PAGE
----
February is Teen Dating Violence Awareness Month, and in honor of this, I’ve decided to develop an Intimate Partner Violence Series that is intended to equip individuals with the information necessary to 1) determine if they are in an abusive relationship, 2) develop a safety plan for while they are in the relationship, 3) seek support and resources to help them get out of the relationship and finally 4) identify signs of healthy relationships. This series is intended to be educational in nature and is not a substitute for seeking professional help. Please seek the help of a therapist in your area. Today’s post is Part Two of this series. If this is a topic that has special relevance for you, stay tuned for future posts.

Once you’ve identified abuse within your relationship, you might think “okay, now what?” Leaving an abusive relationship is incredibly difficult because you may be financially dependent on your abusive partner, you may be fearful of leaving due to retribution, you may love your abusive partner immensely and not want to leave, or many other factors making it challenging to pick up and take off. Whether you have decided to leave or whether you are looking to increase your safety while staying in an abusive relationship, you'll want to develop a safety plan for yourself. Here are 7 elements of abuse safety planning:

 
 

1 | Find a safe location

The first step of a safety plan is to find a safe location away from the abuser when you feel in danger of physical abuse. Although this may seem obvious, when experiencing abuse, one's levels of confusion and fear are so high, it's hard to know exactly what to do first. A safe place might be the cafe down the street or another room in the house (choose a room with no weapons and with a way to escape.)

2 | Keep a phone available

Keep a phone with you at all times. If you don't have access to one, or if your partner takes it away from you, know where the closest public phone is to your home.

3 | Call 911

If you feel you are in imminent danger, call the police immediately. If you are not in immediate danger, move down the steps of the safety plan.

4 | Utilize the Domestic Violence Hotline

The National Domestic Violence Hotline is an important resource to include in a safety plan. The phone hotline (1-800-799-7233) is a 24-hour a day free service and the live chat option on the website is available from 5 a.m. to midnight PST (also free.) Domestic violence advocates can help connect you to community resources (if that is something you’d like to take advantage of), can help you sort through your thoughts to make a decision about what to do next and can help you develop and execute a safety plan. The National Domestic Violence Hotline website also provides an abundance of useful information and resources for abuse survivors.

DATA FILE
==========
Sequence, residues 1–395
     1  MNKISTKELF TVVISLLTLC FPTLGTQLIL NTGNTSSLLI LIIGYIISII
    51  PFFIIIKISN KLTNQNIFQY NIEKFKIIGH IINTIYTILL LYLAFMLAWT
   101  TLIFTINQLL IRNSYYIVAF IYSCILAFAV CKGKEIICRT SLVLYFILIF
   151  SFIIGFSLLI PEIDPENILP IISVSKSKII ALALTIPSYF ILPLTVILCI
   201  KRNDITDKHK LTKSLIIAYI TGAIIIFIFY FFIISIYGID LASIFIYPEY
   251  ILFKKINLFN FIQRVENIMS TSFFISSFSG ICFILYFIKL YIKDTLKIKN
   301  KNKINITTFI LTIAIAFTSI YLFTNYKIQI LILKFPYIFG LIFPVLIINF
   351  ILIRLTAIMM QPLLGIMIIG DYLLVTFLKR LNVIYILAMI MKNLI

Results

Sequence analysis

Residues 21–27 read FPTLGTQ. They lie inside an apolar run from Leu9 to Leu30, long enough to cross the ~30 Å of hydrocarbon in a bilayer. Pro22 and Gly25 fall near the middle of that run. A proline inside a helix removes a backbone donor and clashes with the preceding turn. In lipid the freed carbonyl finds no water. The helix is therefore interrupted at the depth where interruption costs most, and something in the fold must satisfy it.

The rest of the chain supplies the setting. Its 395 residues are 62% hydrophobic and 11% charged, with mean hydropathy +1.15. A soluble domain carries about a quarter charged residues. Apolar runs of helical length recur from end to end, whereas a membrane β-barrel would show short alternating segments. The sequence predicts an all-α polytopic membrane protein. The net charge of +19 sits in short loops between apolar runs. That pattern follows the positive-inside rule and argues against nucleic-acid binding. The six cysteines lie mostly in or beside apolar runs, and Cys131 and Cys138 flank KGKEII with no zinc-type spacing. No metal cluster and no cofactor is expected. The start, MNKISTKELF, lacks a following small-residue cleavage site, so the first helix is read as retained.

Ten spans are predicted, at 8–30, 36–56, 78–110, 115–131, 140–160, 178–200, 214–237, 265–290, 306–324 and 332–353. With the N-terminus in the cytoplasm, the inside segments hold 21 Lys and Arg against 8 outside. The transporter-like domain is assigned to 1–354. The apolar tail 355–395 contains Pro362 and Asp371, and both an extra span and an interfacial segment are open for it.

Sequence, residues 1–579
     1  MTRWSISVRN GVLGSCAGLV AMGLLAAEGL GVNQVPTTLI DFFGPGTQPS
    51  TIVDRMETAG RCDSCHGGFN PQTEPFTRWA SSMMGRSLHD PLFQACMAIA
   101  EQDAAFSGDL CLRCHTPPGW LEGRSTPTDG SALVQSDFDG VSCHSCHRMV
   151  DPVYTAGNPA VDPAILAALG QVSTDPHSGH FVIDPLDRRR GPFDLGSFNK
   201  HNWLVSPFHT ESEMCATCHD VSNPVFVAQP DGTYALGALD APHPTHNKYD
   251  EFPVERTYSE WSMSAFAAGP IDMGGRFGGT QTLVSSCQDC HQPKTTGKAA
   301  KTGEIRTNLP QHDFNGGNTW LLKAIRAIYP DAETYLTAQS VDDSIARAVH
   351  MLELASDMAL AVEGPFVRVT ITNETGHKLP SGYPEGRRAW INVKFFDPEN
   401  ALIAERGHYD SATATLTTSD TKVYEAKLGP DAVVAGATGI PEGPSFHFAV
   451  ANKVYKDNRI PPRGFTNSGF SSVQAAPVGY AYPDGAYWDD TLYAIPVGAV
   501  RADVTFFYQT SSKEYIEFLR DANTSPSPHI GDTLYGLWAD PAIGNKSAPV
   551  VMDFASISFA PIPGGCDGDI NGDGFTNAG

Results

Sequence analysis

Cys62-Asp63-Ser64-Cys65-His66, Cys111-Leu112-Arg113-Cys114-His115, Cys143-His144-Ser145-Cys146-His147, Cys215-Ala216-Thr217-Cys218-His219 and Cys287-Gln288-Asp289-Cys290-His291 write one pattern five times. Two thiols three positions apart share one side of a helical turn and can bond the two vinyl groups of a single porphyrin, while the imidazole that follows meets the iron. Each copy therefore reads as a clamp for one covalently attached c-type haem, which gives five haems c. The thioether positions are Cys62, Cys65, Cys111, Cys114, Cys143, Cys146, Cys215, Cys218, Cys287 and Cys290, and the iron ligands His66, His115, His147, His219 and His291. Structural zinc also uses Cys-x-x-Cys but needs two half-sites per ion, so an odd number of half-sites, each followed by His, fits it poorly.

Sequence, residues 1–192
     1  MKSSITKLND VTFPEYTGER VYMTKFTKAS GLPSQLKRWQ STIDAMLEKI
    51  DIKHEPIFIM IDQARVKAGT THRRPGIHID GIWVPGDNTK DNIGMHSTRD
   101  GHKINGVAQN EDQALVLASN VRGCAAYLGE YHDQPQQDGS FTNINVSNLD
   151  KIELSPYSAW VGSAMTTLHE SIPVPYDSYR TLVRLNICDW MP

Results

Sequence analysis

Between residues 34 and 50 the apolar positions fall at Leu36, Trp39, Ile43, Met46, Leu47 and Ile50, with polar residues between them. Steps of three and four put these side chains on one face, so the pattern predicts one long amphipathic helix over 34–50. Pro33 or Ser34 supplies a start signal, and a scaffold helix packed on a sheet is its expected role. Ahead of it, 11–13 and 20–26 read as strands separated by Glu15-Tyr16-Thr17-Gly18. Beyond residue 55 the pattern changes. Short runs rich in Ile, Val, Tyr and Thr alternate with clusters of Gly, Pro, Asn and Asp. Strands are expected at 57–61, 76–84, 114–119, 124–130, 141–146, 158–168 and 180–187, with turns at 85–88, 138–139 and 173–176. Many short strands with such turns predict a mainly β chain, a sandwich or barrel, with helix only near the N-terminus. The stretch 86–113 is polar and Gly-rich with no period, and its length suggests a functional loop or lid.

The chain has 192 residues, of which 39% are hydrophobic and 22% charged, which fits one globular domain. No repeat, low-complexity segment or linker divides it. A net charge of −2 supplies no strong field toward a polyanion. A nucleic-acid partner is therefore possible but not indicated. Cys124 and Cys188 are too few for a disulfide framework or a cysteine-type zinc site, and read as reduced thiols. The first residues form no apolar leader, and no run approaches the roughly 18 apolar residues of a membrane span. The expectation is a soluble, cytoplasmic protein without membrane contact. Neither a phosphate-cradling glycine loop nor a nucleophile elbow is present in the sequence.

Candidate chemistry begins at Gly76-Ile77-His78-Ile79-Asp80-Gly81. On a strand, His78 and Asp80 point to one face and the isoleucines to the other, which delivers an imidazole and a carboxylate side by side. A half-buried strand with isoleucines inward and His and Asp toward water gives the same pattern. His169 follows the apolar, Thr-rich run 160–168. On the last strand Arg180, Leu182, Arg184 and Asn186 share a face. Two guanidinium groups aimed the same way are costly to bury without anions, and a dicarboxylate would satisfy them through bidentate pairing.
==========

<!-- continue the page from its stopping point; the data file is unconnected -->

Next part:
5 | Seek social support

A vital aspect of a safety plan is the phone numbers of a few friends, family members or neighbors who you trust to be able to help deliver you to safety in a dangerous situation with your partner. People on this list should be able to help drive you, house you or feed you temporarily if you feel you are at risk. If you need a place to stay or just someone to talk to, give the people on your list a call for support. The people who choose for your safety plan should be local and willing to help you when you need it.

6 | Put together an overnight bag

It's important to be prepared for the next potential act of violence. If you are currently living with your partner and not ready to leave the relationship, it's essential that you have a "get away" bag with cash, some clothes, and an extra car key. You can also make a habit of backing your car into the driveway for a quicker escape.

7 | Inform professionals

Any care professionals who you work with (i.e. a therapist, your doctor, etc.) that you trust should be included toward the end of your safety plan as individuals to keep in the loop of recent developments. Although most professionals maintain boundaries around their out-of-office hours and are typically not available for crisis management, you still want them to be informed of updates. Your therapist or other care professional may be able to accommodate an earlier appointment to help you decide on your next step.

Keep in mind, everyone’s situation is unique and each safety plan is tailored to the individual’s circumstances and needs. This post outlines elements that are generally included in safety plan, but is not an exhaustive list. If you'd like to learn more about safety planning, I suggest you visit this linkIf you feel that you are in imminent danger, please seek help immediately, by calling The National Domestic Violence Hotline at 1-800-799-7233 or by calling 911. If you are not in immediate danger, but would like to find someone to talk to, you can find a therapist at PsychologyToday.com or if you are in the Los Angeles area, feel free to contact me for therapy. I hope you found today’s post informative. Please leave a comment below if there’s anything you’d like to add or ask. Stay posted for future articles in this series. Be safe and be well.


about the author

Hi! I'm Natalie. And I'm passionate about helping people create healthy relationships in their lives. Through couples counseling in Pasadena and here on the blog, it's my mission to help foster stronger connections, healthy communication and life-long love.